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-   -   Rusty chain (http://www.hotrodders.com/forum/rusty-chain-58501.html)

bracketeer 02-18-2005 08:01 PM

Rusty chain
 
I found a rusty chain suitable for towing. I want to clean it up. Since I do not have access to sand blast or glass bead. Anyone got any suggestions on how to get the rust off, without getting myself filthy?

SyncroMush 02-18-2005 08:16 PM

Find a gravel road, hook the chain to your car, and drag it a few miles. Should clean it right up. Might need to reverse the chain to get the other end.



SM

bracketeer 02-18-2005 08:37 PM

Great idea
 
But since it is winter. Dragging it through the snow prob won't do the trick.

bracketeer 02-19-2005 01:13 PM

Update
 
I took a cpl gallons of water and mixed in an alkali and a chemical oxygen scavanger. The heavy rust came off immediately and after 4 hours of soaking, half of the chain is silver already.

oldred 02-19-2005 01:30 PM

bracketeer-What exactly did you use? This is really interesting and should be in the body section too as I bet it would generate a lot of interest there!

bracketeer 02-19-2005 01:50 PM

ingredients
 
I used appx a 1/4 cup of each to 2 gallons of water. I used Caustic Soda and Sodium Sulphite. Its gonna take about 8 hrs by the way its going. I didn't want to make it too strong. I didn't know how long it would take to react.

4 Jaw Chuck 02-19-2005 06:02 PM

Coca Cola works pretty good. I like the gravel road idea...never thought of that one! :thumbup:

akm 02-19-2005 08:56 PM

we use muriatic(?) acid to clean out the rust in old motorcycle gas tanks. it only takes about a minute and eats off all of the rust, then we just rinse it out with water.
you can buy it cheap at any swimming pool supply.
but you have to keep an eye on it.. can't leave it in there very long.. and if you get it on your skin, be sure and wash it off ASAP. :thumbup:

beyondhelp 03-04-2005 11:21 AM

You could also try electrolysis.. http://antique-engines.com/electrol.asp
http://www.rowand.net/Shop/Tools/Electrolysis.htm

What you need:

* A non-conducting container - a large plastic bucket works really well.
* Battery charger - big is better, however even one able to produce 6 to 10 amps should do. A student recently used my site as the basis for a school project and used a computer power supply in place of battery charger.
* Sacrificial electrodes. Concrete reinforcing rod works well (rebar) cut into lengths about 4" taller than your bucket or container. Do not use stainless steel! The results are a health hazard and illegal (more on that later)
* Arm and Hammer LAUNDRY soda, also called washing soda.
* Wire and/or cables for connecting electrodes together.
* Water.
* Small lengths of small chain (used to suspend the rusty parts in solution) or some other means to suspend the part to clean into the solution.

....................... too much detail to paste the whole page.

daimon1054 03-04-2005 11:32 AM

phosphoric acid will eat the rust off, most aircraft shops cary it in some form or other. Soak the chain in it a while and it will eat the rust off then just rinse with water.

Silentlion_69 03-04-2005 01:28 PM

I didn't know muriatic acid eats away at rust. How well does it work?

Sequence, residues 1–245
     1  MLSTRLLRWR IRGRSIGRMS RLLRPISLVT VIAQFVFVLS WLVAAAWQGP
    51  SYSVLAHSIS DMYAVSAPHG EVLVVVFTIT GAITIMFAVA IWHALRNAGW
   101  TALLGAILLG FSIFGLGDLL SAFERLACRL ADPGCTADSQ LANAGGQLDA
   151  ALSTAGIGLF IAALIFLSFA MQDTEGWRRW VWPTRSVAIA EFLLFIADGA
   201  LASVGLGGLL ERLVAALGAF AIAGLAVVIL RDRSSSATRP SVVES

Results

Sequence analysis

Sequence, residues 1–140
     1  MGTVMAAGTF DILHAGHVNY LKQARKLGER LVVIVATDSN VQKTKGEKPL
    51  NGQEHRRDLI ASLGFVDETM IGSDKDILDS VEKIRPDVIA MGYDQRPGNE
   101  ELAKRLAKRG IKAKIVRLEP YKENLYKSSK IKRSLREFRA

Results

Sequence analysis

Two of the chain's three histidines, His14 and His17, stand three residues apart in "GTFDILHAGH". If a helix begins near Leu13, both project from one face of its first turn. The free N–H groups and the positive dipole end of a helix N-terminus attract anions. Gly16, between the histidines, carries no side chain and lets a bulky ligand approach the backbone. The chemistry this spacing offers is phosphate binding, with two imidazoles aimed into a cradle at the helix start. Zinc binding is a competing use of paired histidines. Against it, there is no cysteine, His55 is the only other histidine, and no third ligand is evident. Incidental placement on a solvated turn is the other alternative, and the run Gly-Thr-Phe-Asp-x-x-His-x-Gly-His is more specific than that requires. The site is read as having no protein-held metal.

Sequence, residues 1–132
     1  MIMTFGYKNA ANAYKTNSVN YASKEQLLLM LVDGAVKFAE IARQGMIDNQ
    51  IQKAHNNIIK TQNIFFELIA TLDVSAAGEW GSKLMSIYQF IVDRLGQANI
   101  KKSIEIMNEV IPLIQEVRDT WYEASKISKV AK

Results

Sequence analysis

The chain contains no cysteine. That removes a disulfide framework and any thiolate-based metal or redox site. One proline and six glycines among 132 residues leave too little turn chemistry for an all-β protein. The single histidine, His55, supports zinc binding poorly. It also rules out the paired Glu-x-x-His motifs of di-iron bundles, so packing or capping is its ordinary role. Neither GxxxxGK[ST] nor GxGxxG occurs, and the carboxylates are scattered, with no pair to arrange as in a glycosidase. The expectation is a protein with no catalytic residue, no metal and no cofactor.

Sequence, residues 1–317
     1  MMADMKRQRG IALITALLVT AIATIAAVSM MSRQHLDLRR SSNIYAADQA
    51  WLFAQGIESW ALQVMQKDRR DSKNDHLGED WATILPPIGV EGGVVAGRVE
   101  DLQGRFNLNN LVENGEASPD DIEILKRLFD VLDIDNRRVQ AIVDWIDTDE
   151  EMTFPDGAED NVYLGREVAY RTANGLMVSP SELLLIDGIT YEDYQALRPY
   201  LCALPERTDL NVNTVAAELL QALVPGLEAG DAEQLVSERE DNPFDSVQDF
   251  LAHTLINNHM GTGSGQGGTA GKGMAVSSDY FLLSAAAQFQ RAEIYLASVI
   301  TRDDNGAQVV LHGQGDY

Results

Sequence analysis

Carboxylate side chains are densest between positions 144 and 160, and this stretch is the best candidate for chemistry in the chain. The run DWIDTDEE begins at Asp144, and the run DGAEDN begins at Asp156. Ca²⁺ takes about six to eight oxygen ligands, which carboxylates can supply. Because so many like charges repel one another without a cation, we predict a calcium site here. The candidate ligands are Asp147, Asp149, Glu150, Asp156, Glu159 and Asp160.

I have alot of that stuff. My stepdad uses it for sometimes when he's redoing old brickwork. He uses it to clean up the facing of the bricks.

worstnightmare 03-06-2005 03:01 PM

There are a lot of great ideas here. I thought of some ideas that were exactly the same here! Good luck.

julmer 03-22-2005 03:51 AM

I like the electrolysis method. I bought a plastic storage tub at Walmart for a couple of bucks. I've been using lye which I found at the grocery store in the drain cleaner area. Look up the exact procedure and make sure you get the polarity right on your charger. One of the nice things is it essentially quits when the rust is gone. You don't have to worry about overdoing it. I salvaged a number of internal transmission parts in my tub as well as some nasty old brake drums.

tbirdscott 03-22-2005 06:13 AM

DIY electrolysis
 
Get a plastic bucket large enough to fit the rusty item into and cover it with water. Mix in one tablespoon of laundry soda per gallon of water (adding more wont speed up the process) Attach a piece of wire to the item so that it sticks up out of the water a few inches. Get another piece of metal like a length of pipe or angle iron (no stainless) which will act as your anode. Place the anode into the bucket but not touching the rusty part and connect the positive(+) lead of the battery charger to it and the negative(-) lead to the wire attatched to the rusty part. turn on the charger and let 'er rip, Also dont let the battery clips set in the solution as they will disolve

Every few hours or so turn off the charger, remove your anode, and wipe off the crud that will stick to it. Also make sure you do this in a well ventilated area as the process releases hydrogen gas which is explosive (explosions = fun, blowing up your garage and scaring your neighbours = well could be fun but probabally not the best idea)

jimfulco 03-22-2005 10:09 PM

We used to use Zud to clean rust rings (from tin cans) in porcelain apartment sinks. It contains oxalic acid, which dissolves rust. Bartender's Friend is a similar product. They're usually found near the other powdered cleansers (Comet, etc.) at the grocery store. I don't know how much you'd need, but a whole can in a bucket of water deep enough to submerge the chain for a couple of days might work.


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